While we’re in the world of German cinema, let’s turn to another talent born on this date, the inimitable Marlene Dietrich (1901 – 6 May 1992). At age eleven, she conflated her first two birth names, Marie and Magdalene, into Marlene. Like Harbou she was also an able violinist until she suffered a wrist injury. She was on stage from 1922 and in films starting in 1923. In 1930, the year of The Blue Angel, she came to the US, applying for citizenship in 1937 and receiving it two years later. During the war she was a tireless supporter of the troops and of refugees. Her impressive list of lovers (the men, that is) reputedly included Gary Cooper, John Gilbert, Douglas Fairbanks Jr., Errol Flynn, James Stewart, Erich Maria Remarque, Jean Gabin, John Wayne, John F. Kennedy, and Frank Sinatra. Dietrich appears on a number of stamps from all over the world. Here are a few of them (one from Cambodia!).
We back up two years from Marlene Dietrich’s 1901 birth to that of Albanian poet and writer Llazar Sotir Gusho (27 December 1899 – 12 November 1987), who used the pen name Lasgush Poradeci. His education took him from his native Pogradec to Monastir to Athens to Bucharest; then he earned his doctorate in Graz. He published poems in periodicals, but saw only two volumes (1933 and 1937) through print. Poradeci also translated Heine, Goethe, Brecht, and Pushkin into Albanian. Ostracized by the Communist government, he died in poverty.
We remain in the Balkans for Ivan Brkanović (27 December 1906 – 20 February 1987 ), father of the composer and conductor Željko Brkanović. He studied in Zagreb and Paris and later became a professor at the Sarajevo Music Academy and director of the Zagreb Philharmonic, as well as a playwright. He was also active as a music publisher and was president of the Association of Croatian composers. His works include two operas, a ballet, Helots (1960), five symphonies, a Sarajevo Suite for orchestra (1957), three string quartets, and a number of choral pieces, including a Mass profana Croatica, which, after his death in 1994, was completed by his son.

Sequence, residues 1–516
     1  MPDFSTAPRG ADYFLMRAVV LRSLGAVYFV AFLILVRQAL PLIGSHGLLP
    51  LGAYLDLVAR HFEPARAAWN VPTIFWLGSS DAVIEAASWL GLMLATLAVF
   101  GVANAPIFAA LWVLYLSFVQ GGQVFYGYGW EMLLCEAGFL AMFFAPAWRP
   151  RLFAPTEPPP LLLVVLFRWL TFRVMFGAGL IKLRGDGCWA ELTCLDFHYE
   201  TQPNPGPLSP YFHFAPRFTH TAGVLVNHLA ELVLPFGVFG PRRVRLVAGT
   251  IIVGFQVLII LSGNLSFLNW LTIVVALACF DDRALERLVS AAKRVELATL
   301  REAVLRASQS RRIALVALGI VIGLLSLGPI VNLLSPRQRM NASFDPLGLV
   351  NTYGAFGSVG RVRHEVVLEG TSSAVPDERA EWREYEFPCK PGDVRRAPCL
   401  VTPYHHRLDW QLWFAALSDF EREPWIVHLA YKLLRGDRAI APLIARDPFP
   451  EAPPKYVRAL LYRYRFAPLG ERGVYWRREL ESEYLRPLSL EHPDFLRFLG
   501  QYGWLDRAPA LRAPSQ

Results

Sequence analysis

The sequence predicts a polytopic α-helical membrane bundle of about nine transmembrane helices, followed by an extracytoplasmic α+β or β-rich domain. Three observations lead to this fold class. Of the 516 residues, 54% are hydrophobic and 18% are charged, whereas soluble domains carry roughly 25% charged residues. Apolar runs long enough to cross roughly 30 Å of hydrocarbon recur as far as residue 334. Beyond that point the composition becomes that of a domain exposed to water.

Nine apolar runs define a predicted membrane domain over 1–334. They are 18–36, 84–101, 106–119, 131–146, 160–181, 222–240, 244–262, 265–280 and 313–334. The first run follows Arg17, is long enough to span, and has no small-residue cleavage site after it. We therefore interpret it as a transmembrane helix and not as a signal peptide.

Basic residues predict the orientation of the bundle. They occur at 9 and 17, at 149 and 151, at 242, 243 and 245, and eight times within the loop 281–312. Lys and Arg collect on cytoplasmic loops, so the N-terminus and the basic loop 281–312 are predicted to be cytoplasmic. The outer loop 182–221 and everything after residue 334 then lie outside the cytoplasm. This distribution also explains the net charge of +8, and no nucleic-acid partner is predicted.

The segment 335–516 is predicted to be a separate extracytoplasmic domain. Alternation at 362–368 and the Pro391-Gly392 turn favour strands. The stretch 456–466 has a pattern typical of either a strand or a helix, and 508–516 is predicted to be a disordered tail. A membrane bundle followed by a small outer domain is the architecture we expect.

The Portuguese sculptor and art teacher Lagoa Henriques (27 December 1923 — 21 February 2009) is best known for his sitting statue of the poet Fernando Pessoa, which resides outside the Café A Brasileira in Lisbon and can be seen on the stamp. Henriques had also carved Pessoa’s new gravestone in 1985; the statue followed three years later.
The Italian Renaissance architect Antonio da Sangallo the Elder, born about 1453, died on this day in 1534. Born at Florence to a woodworker, Sangallo worked with his brother Giuliano on many projects but also created a number on his own, notably the church of San Biagio at Montepulciano. He excelled at the design of fortifications. He was able to enjoy an early retirement and devote himself to farming. Incidentally, he was godfather to the orphaned Giulio de Medici. The family took the child into their home unsuspecting that he would one day become Pope Clement VII. Sangallo the Younger, by the way, another architect, was our man’s nephew, not his son.
Show Boat, “considered”, says Wikipedia, “to be the first true American musical play”, opened at the Ziegfeld Theatre on Broadway on this date in 1927. It was based on a novel by Edna Ferber and was one of a select group of popular American musicals celebrated on a stamp set from 1993.
The actors Sydney Greenstreet (1879 – 18 January 1954) and Gérard Depardieu (born 1948) were both born on December 27th.
A graduate of the University of Massachusetts with a B.A. in English, Doug Briscoe worked in Boston classical music radio, at WCRB, WGBH, and WBUR, for about 25 years, beginning in 1977. He has the curious distinction of having succeeded Robert J. Lurtsema twice, first as host of WGBH’s weekday morning classical music program in 1993, then as host of the weekend program when Robert J.’s health failed in 2000. Doug also wrote liner notes for several of the late Gunther Schuller’s GM Recordings releases as well as program notes for the Boston Classical Orchestra. For the past few years he’s been posting a Facebook “blog” of classical music on stamps of the world, which has now been expanded to encompass all the arts for The Arts Fuse.